Baby Snipe

Found a baby bird? Here's what to do

In spring and summer, it's common to find young birds sitting on the ground or hopping about without any sign of their parents. If you've found a baby bird and aren't sure what to do, follow our advice below.

Is the baby bird injured?

Does the baby bird have obvious injuries, ie wounds or a hanging wing?

YES

The RSPB doesn't run bird hospitals or a rescue service, so please don't contact us about a baby bird, as we can't help.

The RSPCA (England and Wales), SSPCA (Scotland) and USPCA (Northern Ireland) are the national charities that help and advise on injured wildlife. You can also find an independent local rescue centre on Help Wildlife

Find more advice on what to do when you find an injured bird.

 

NO

Move on to the next section.

Young chick, Conwy RSPB Reserve

Does it have feathers?

YES

This is a fledgling.

The young of most familiar garden birds fledge once they are fully feathered, but before they can fly. These fledglings spend a day or two, sometimes longer, on the ground while their flight feathers complete their growth. The only exceptions are swifts, swallows and house martins, which can fly well as soon as they leave the nest and should never be found on the ground.

Tawny owl chicks are mobile at a very early age. You may see them climbing in and around their nest tree before they are even half-grown. 

Move on to "Is the fledgling in danger" to find out what to do next.

 

NO

This is a nestling who may have fallen out of the nest by accident.

Move on to the "Can you see an obvious nest" section to find out what to do next.

 

Please don't contact us about a baby bird, as we can't help. If you find an injured bird, contact The RSPCA (England and Wales), SSPCA (Scotland) and USPCA (Northern Ireland).

Is the fledgling in danger?

YES

If the bird is on a busy path or road, or other potentially dangerous, exposed location, you can pick it up and move it a short distance to a safer place. Make sure you leave it within hearing distance of where you found it. Birds have a poor sense of smell so handling a young bird won't cause its parents to abandon it.

If you have cats, make sure you keep them indoors until the fledglings are airborne. In any conflict of interest between wild animals and domestic pets, it's always the domestic pet that must give way.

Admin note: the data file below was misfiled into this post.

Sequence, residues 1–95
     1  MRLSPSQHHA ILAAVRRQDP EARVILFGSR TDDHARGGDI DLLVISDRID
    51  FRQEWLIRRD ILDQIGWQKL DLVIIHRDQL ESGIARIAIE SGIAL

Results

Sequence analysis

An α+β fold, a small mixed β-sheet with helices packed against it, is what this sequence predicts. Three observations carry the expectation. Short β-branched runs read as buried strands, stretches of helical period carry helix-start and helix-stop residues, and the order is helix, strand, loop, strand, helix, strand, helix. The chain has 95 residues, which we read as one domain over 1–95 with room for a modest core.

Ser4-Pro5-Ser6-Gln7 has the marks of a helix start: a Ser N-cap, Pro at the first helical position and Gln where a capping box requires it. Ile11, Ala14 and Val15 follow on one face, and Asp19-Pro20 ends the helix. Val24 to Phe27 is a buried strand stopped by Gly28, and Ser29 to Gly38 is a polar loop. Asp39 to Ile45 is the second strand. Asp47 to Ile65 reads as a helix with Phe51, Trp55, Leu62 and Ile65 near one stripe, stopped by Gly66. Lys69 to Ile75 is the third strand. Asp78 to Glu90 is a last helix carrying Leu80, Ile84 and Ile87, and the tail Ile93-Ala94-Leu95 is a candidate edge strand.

NO

Do nothing.

However tempting, interfering with a young bird like this will do more harm than good. Fledglings are extremely unlikely to be abandoned by their parents. Just because you can't see the adult birds does not mean that they're not there. The parents are probably just away collecting food - or are hiding nearby, keeping a watchful eye, or even being frightened away from their youngster by your presence. You should leave fledglings where they are, in the care of their own parents.

Removing a fledgling from the wild reduces its chances of long-term survival to a small fraction, and is a very last resort - only if it's injured or has definitely been abandoned or orphaned.

Captive-bred Corncrakes, Crex crex, at Whipsnade Zoo.

Can you see an obvious nest with similar birds?

YES

If the young bird is unfeathered or covered in fluffy down (a nestling) and has obviously fallen out of a nest by accident, it may be possible to put it back. Only do this if you are sure which nest the chick came from and if it appears strong and healthy. Sometimes parent birds sense there is something wrong with one of their chicks, or that it is dying. In cases like this, they will eject the nestling so they can concentrate on looking after the healthy siblings.

Find out what to do if you suspect the nestling has been abandoned.

 

NO

If you can't return a healthy chick to its nest, it will be dependent on humans for survival and you should pass it on to an expert rehabilitator as soon as possible.

If the young bird is fully covered in feathers, it will have left the nest deliberately and doesn't need help returning to it. You should leave this chick where it is, in the care of its parents.

Yellow wagtail chicks in nest in potato field

Who to contact for help

The RSPB doesn't run bird hospitals or a rescue service, so please don't contact us about a baby bird, as we can't help.

The RSPCA (England and Wales), SSPCA (Scotland) and USPCA (Northern Ireland) are the national charities that help and advise on injured wildlife. You can also find an independent local rescue centre on Help Wildlife

Young house sparrows feeding on garden lawn

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